lists.openwall.net   lists  /  announce  owl-users  owl-dev  john-users  john-dev  passwdqc-users  popa3d-users  /  oss-security  kernel-hardening  musl  sabotage  tlsify  passwords  /  crypt-dev  xvendor  /  Bugtraq  Full-Disclosure  linux-kernel  linux-netdev  linux-ext4  PHC 
Open Source and information security mailing list archives
 
Hash Suite: Windows password security audit tool. GUI, reports in PDF.
[<prev] [next>] [<thread-prev] [day] [month] [year] [list]
Date:	Wed, 10 Aug 2011 22:59:44 -0400
From:	Ted Ts'o <tytso@....edu>
To:	Robin Dong <hao.bigrat@...il.com>
Cc:	linux-ext4@...r.kernel.org
Subject: Re: Question about BIGALLOC

On Fri, Aug 05, 2011 at 03:59:01PM +0800, Robin Dong wrote:
> Hi, Ted
> 
> I am doing some test of BIGALLOC using "next" branch of e2fsprogs and
> kernel (3.0) with 23 bigalloc-patches.
> 
> Everything seems to work, but I have a question:
> the "ee_len" of "struct ext4_extent" is used to indicate block numbers
> not cluster,
> an ext4_extent in 4K-block-size filesystem can only hold 128MB space at most
> even with BIGALLOC feature enabled, so we don't have any benefit from
> this for a file with large number of blocks.
> 
> Is this the design behavior or you will change it in the next version?

It's not something I can change, because the VM subsystem
fundamentally assumes that file system block size is less than or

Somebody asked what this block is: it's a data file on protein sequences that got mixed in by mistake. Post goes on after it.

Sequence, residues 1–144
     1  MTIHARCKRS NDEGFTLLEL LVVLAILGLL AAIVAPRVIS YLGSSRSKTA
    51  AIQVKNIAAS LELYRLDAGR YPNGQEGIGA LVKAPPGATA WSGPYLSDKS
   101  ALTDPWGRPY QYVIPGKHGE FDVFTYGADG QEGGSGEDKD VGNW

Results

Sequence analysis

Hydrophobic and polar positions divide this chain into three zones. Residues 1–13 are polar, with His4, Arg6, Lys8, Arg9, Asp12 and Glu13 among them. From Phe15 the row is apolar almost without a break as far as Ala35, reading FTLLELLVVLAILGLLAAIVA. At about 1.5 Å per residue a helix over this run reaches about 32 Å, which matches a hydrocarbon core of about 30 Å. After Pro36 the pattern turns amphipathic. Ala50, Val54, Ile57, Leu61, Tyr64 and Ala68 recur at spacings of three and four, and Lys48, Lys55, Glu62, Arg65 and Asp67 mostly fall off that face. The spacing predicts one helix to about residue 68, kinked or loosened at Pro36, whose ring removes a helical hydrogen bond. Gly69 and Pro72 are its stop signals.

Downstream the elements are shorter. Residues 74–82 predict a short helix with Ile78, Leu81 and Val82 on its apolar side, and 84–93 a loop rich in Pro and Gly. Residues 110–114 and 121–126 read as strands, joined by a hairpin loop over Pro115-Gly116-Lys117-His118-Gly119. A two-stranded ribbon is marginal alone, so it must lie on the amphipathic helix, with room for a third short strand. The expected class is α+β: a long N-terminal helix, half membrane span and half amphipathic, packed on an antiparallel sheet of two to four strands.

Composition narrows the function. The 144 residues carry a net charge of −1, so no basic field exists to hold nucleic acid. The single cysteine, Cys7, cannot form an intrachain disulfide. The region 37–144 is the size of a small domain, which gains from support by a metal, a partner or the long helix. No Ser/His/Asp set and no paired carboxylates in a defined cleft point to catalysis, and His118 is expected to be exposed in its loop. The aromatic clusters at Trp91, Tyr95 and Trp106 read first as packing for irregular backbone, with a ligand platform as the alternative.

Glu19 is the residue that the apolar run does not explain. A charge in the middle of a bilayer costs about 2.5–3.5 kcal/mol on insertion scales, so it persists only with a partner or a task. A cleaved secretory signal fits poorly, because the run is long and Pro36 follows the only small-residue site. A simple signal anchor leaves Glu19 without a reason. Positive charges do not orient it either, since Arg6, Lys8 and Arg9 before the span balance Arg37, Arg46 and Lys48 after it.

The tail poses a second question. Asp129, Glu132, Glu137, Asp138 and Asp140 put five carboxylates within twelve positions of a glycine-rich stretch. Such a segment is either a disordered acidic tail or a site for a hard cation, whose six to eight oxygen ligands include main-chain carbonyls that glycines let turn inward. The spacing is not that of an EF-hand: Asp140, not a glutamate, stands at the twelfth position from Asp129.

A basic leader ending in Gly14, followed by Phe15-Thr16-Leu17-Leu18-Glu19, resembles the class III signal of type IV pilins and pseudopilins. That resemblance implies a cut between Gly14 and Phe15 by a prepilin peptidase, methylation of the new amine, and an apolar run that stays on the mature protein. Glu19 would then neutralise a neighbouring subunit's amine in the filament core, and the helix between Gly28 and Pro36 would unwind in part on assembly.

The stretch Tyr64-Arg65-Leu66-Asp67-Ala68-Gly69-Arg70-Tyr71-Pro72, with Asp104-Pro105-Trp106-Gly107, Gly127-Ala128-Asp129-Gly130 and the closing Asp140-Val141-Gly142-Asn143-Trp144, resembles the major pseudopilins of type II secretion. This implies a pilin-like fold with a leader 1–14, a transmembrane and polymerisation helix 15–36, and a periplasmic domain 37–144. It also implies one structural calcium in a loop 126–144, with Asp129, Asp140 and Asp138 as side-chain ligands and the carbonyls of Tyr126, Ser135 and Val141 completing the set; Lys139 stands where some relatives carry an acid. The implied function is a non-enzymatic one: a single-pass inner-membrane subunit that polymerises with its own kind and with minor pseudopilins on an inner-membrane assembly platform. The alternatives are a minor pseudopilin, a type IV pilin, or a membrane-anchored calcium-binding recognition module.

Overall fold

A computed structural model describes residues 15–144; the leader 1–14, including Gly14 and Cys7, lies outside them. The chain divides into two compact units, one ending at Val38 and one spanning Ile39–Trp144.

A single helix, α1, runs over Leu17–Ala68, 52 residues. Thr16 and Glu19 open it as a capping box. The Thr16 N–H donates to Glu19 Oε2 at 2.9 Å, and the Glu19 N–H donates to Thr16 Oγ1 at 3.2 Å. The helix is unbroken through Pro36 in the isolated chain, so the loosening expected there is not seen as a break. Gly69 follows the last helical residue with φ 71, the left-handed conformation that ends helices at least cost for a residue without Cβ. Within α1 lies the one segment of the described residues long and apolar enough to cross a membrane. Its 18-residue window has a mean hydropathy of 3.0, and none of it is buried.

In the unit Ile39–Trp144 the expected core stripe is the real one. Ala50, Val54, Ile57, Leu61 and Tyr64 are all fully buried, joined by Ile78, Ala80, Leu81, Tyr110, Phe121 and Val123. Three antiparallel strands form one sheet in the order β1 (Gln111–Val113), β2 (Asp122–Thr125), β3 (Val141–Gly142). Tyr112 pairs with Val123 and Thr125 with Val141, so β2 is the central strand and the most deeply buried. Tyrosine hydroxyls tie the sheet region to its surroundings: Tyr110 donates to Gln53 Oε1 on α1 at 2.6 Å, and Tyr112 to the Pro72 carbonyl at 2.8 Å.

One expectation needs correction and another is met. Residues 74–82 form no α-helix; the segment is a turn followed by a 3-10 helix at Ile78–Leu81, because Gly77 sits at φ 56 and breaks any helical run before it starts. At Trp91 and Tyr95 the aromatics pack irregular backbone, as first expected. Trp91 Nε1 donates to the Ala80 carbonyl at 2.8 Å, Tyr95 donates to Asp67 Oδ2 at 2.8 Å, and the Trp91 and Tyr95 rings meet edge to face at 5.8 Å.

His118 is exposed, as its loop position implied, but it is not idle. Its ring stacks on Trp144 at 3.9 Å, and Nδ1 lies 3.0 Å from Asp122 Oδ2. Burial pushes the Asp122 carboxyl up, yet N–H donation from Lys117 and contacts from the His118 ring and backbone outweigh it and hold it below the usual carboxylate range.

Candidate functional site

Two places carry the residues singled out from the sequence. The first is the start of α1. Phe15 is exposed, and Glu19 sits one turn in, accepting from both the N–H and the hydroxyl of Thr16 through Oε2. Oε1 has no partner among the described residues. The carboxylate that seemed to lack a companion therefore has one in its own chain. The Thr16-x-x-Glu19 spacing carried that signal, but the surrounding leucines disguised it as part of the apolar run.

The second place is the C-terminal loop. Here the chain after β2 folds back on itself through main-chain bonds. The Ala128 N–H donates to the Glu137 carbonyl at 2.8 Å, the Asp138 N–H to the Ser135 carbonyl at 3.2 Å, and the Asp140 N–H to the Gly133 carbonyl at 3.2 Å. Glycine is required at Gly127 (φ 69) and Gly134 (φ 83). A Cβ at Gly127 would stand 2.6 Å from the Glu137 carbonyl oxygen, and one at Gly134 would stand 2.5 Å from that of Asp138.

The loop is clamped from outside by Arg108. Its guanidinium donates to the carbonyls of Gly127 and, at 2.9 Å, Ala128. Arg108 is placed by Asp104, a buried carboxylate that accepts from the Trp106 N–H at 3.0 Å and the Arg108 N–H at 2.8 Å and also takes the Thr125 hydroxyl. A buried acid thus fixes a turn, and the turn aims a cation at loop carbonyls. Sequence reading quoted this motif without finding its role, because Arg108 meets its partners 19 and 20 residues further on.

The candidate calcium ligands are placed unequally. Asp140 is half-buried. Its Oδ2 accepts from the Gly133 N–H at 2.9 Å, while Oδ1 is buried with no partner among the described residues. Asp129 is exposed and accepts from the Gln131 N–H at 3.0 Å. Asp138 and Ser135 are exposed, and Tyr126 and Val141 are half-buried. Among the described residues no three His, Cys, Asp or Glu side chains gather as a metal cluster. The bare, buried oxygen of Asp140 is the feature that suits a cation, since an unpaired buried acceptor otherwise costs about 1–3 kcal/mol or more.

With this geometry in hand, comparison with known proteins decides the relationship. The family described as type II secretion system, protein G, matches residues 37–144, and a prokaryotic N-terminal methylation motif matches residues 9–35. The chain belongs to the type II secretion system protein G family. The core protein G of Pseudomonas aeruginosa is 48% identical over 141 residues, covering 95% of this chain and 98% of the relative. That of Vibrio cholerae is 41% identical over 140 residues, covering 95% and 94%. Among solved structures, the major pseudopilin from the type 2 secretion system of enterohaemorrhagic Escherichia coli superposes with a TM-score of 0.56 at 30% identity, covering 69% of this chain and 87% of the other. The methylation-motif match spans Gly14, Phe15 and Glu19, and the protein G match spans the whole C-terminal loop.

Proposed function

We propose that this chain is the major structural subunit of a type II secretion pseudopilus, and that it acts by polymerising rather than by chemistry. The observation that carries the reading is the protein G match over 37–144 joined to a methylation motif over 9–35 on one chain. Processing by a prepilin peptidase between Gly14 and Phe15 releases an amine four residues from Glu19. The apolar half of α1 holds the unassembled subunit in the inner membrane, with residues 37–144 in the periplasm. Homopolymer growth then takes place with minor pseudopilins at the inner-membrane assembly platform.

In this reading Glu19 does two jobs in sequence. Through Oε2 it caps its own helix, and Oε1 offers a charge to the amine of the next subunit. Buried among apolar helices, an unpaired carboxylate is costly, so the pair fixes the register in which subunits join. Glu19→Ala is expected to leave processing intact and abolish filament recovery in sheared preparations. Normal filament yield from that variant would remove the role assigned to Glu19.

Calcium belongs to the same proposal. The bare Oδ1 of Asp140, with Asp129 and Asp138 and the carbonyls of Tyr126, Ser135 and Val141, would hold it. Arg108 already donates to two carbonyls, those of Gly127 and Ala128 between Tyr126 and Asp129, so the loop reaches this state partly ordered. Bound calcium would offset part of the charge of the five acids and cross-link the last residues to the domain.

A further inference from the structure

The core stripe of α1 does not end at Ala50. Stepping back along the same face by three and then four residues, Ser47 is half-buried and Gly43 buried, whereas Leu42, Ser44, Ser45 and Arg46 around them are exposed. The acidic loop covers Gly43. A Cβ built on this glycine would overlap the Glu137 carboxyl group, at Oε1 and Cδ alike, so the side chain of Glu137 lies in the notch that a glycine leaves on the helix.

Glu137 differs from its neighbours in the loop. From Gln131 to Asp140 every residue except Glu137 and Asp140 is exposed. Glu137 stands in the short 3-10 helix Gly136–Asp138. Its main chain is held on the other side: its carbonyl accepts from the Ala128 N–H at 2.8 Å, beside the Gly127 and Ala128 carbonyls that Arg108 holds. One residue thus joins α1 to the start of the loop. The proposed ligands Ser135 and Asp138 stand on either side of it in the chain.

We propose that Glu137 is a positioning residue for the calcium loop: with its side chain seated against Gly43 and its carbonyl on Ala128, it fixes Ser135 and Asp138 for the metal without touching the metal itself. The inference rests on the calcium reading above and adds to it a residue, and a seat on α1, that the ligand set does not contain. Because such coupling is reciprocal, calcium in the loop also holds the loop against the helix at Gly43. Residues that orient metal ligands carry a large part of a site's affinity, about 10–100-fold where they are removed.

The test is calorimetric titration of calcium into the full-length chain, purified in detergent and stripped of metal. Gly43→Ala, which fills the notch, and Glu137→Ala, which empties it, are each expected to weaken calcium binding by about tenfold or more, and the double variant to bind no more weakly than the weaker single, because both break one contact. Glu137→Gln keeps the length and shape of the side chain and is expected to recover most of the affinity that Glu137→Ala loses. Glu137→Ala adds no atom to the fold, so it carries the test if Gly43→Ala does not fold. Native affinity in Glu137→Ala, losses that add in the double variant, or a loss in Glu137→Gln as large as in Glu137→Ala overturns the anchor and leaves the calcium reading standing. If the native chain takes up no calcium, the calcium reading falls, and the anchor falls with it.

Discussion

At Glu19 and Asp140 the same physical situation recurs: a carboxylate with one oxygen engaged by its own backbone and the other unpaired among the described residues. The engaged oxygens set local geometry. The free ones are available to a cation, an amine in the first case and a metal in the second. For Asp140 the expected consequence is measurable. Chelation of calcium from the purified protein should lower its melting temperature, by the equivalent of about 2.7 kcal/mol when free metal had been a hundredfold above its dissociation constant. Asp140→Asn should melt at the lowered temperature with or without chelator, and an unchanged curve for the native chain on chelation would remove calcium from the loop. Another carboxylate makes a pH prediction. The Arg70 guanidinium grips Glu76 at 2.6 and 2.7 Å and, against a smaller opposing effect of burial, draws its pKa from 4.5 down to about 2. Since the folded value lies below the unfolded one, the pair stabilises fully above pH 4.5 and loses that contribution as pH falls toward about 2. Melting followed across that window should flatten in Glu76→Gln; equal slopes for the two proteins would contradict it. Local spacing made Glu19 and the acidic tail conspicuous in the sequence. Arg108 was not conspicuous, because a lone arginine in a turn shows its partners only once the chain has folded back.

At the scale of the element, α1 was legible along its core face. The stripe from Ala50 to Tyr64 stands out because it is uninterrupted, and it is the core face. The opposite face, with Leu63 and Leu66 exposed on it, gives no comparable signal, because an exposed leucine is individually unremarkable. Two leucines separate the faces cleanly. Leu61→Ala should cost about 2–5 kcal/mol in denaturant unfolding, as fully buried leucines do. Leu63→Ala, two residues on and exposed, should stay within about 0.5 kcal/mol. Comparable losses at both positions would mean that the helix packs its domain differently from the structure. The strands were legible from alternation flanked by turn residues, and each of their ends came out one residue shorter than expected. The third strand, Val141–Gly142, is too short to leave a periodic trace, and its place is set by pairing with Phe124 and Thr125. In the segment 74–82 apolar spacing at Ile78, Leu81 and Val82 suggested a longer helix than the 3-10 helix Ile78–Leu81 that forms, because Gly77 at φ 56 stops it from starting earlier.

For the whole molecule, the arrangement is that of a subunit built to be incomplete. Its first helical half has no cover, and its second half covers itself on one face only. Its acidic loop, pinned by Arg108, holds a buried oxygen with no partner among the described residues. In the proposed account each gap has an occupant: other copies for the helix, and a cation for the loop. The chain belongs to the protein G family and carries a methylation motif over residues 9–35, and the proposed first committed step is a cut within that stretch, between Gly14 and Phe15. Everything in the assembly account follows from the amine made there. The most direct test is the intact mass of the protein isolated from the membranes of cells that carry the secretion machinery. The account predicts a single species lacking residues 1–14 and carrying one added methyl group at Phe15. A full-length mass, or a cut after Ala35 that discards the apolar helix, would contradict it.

equal to the page size.  If I changed the granularity in the extent
length, then in the case of a sparse file, blocks would have to be
allocated and zero'ed in units of a cluster.  The VM doesn't support
this well.

For example, suppose you fallocate a file to be 1 megabyte.  That
means that you have a 1mb extent which is marked as uninitialized.
Now suppose you mmap() this file, and then you write a single byte at
offset 20480.  This dirties a single 4k page, and when we write out
that page, we end up converting the 1mb extent uninitialized extent
into 3 extents: a 20k uninitalized extent, a 4k initialized extent,
and a 1000k uninitalized extent.  Now suppose this was done on a
bigalloc file system with a 64k cluster size.  If ee_len was
denominated in 64k cluster chunks, we couldn't express the concept of
a 20k or 4k extent.

This is the same reason why we can't support a 64k file system block
size.  If the user dirties a single 4k block in an otherwise sparse
file, the VM would have to instantiate the other 56k pages and zero
them (atomically!) --- and the VM doesn't know how to do this.

     		       	       	  	  - Ted
--
To unsubscribe from this list: send the line "unsubscribe linux-ext4" in
the body of a message to majordomo@...r.kernel.org
More majordomo info at  http://vger.kernel.org/majordomo-info.html

Powered by blists - more mailing lists

Powered by Openwall GNU/*/Linux - Powered by OpenVZ